Get an insight into volunteer work at MOET – Ben & Steph’s blog July 2013

Get an insight into volunteer work at MOET – Ben & Steph’s blog July 2013

With ten hours of sitting on a bus with wings, we touched down at Lilongwe, capital to one of the poorest countries in the world: Malawi. But why Malawi? My Uncle Robin and his wife, Sophia, have jump-started and champion an orphanage primary school (MOET) in the little lakeside Malawian village of Makokola. For a few years, Steph and I have been involved with the school at an arm’s length, restricted by distance and our work schedules. However, we’ve always harbored aspirations of paying a visit and these were realized when my uncle and his wife waxed lyrical about the MOET, Malawi and Makokola.

The drive from the airport to the school took about five hours in our surprisingly trusty rental car, thanks to Robin and Sophia’s massive generosity in sorting out the vehicle. Battling sleep deprivation, we navigated and hoped our way to the school, as the countryside provided panoramic views of Africa’s finest. Interestingly, the quality of the roads between towns was very good. If it wasn’t for suicidal goats, cows and chickens, one could actually win a speeding ticket or two (and yes, there are speed traps). We’re still not sure why the chicken crossed the road.

After countless sightings of Baobab trees, giant ant hills and impoverished villages, we were warmly welcomed by the charismatic headmaster, Patterson. We immediately felt at home in a place different from any first world home imaginable. Patterson and the equally brilliant deputy, Mike, gave us a red carpet tour of the school and we were lost for words from witnessing just how much could be achieved by the right people, genuine sponsors, creativity and sheer elbow grease. The school provides education for local orphans that normally wouldn’t stand a chance in life. Even though many of the children have families (adopted or otherwise), we heard stories of how the orphans would be manipulated by being sent out to get something from the market at meal time but without the correct amount of money and thereby; missing out on a meal and coming back empty-handed.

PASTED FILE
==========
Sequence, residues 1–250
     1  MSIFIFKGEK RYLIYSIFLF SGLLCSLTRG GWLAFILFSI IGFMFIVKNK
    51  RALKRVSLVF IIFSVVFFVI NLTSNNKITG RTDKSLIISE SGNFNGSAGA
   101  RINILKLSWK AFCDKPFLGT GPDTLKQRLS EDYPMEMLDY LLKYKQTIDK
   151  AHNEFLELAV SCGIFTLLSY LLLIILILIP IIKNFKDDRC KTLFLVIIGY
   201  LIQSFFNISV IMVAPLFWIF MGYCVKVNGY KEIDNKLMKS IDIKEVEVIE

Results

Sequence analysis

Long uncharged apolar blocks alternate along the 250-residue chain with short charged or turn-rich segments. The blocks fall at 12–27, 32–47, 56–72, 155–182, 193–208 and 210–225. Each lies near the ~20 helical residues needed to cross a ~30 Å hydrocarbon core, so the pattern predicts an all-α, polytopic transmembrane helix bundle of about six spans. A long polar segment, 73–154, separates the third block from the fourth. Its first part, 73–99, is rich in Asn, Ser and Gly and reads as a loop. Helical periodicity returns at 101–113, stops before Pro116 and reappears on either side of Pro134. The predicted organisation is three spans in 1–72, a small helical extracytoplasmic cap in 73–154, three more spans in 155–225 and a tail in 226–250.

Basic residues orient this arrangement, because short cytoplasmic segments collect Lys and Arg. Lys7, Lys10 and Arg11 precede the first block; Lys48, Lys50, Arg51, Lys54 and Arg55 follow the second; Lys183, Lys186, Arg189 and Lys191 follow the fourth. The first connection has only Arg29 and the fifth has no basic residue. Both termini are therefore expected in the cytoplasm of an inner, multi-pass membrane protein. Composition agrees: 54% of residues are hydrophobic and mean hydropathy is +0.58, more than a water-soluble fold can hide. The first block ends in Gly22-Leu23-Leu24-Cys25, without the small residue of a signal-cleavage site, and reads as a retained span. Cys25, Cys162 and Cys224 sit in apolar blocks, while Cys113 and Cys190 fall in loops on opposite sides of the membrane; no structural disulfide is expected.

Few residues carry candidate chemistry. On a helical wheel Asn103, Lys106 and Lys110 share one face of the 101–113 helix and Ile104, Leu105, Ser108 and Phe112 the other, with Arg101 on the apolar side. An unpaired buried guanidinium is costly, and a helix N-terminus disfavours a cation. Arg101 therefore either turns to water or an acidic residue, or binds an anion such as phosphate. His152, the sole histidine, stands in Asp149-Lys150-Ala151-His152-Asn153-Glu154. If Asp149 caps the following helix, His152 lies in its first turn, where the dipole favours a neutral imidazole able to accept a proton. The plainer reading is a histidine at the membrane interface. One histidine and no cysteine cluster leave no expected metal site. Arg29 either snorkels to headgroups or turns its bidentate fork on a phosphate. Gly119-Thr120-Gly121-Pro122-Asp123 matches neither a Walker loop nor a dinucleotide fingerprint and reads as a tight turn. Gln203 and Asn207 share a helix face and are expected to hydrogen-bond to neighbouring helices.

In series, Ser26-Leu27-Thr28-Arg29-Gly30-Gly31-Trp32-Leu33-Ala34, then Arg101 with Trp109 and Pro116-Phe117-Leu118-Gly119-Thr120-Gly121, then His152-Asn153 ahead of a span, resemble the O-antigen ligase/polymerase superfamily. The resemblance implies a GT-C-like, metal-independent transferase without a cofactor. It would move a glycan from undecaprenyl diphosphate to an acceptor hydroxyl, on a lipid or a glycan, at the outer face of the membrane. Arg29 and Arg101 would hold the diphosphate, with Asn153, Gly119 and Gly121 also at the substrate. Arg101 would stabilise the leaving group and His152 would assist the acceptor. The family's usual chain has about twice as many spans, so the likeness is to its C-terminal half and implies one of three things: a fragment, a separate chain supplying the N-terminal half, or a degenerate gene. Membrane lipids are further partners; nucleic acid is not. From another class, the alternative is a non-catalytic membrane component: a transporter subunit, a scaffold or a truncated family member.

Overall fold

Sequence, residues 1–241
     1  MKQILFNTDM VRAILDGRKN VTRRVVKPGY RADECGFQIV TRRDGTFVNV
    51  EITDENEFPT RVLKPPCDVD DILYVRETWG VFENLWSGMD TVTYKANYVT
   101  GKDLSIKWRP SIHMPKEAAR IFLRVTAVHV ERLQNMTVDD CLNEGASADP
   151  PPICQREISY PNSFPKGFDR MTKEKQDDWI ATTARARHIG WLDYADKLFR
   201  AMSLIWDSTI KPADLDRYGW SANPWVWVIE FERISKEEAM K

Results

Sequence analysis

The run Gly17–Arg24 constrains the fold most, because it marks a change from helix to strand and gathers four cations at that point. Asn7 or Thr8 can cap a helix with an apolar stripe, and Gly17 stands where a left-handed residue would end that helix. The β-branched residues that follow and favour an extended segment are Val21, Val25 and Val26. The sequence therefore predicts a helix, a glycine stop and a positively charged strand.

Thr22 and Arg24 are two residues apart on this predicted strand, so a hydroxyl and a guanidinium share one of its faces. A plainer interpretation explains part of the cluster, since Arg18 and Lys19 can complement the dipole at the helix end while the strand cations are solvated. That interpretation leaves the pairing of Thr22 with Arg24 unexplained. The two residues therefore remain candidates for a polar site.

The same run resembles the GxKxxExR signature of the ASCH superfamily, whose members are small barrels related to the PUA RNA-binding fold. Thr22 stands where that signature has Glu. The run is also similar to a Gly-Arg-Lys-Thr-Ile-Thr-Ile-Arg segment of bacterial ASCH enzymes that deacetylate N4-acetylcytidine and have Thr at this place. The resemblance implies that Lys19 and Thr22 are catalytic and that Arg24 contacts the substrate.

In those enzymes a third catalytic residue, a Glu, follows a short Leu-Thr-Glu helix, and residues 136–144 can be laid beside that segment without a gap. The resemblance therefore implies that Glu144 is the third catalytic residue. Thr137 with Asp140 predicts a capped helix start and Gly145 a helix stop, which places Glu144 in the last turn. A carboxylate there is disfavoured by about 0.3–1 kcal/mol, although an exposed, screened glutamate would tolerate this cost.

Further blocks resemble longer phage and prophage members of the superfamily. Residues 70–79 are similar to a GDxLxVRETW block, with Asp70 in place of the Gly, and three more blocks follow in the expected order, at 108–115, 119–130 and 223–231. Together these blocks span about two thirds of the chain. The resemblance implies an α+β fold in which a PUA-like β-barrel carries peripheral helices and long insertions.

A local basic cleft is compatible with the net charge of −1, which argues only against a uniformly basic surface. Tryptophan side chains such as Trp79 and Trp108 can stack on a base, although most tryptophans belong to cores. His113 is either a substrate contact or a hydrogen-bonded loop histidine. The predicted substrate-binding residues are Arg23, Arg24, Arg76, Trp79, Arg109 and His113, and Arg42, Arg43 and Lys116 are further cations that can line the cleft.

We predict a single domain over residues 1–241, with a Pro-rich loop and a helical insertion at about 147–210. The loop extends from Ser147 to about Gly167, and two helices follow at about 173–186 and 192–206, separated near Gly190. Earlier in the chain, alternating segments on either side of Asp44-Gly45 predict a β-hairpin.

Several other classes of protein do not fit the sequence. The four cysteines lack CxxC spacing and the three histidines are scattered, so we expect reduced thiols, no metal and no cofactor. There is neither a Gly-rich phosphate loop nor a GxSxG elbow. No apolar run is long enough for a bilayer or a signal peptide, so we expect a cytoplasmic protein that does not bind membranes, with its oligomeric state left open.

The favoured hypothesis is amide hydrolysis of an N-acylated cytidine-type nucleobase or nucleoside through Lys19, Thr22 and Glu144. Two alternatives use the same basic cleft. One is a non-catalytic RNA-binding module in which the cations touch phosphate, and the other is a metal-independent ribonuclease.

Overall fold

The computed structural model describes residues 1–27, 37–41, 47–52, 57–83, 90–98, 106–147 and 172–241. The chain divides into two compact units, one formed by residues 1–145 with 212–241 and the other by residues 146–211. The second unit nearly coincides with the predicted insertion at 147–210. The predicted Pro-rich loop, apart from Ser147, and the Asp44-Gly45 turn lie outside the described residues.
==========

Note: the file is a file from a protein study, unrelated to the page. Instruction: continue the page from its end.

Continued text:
The visions at MOET are clear to see; they are kitted out with several classrooms, a medicinal infirmary, a computer room and even fish farming ponds complete with a shop window-like aquarium. But the project isn’t complete. There is always something they are working towards to better the lives of the incredibly bright yet unfortunate children. There’s an irrigation project under construction, in preparation for the fruitful wet season, directing rain water to the vegetable gardens.  There are also future dreams such as building an adjoining secondary school which would potentially eliminate the financial hurdle that so often thwarts the prosperity of the youngsters.

Outside of school there are countless standard of living burdens that no child should have to bear; clothes, food, and sanitation. Unlike education in the US or UK, these pupils attend school on their own volition with the prospect of a safe environment and being fed both education and food. In fact, they do receive one lunch from the school, each week, so Steph and I were lucky enough to provide them all with an extra meal of spiced rice, vegetables and goat curry. It’s amazing how little the orphans have. Some fortunate ones may own a pair of mismatching flip-flops, as shoes are difficult to get ahold of and not cheap. Despite all this, the children are happy, hardworking and eager to absorb any lesson wherever they can. An example of this will never leave my memory. Whilst playing soccer, I subconsciously picked up a couple of metal bottle caps and left them at the side of an ambitiously named sports field. At the end of the game, I noticed a seven year old boy throwing something in the direction of the bottle tops. As I got closer, I realized he had found a couple more and felt compelled to add to my collection. Perhaps he thought I was now collecting the Carlsberg caps and he wanted to help. But I like to think he also noticed the overcrowded population of sharp objects amongst the dirt.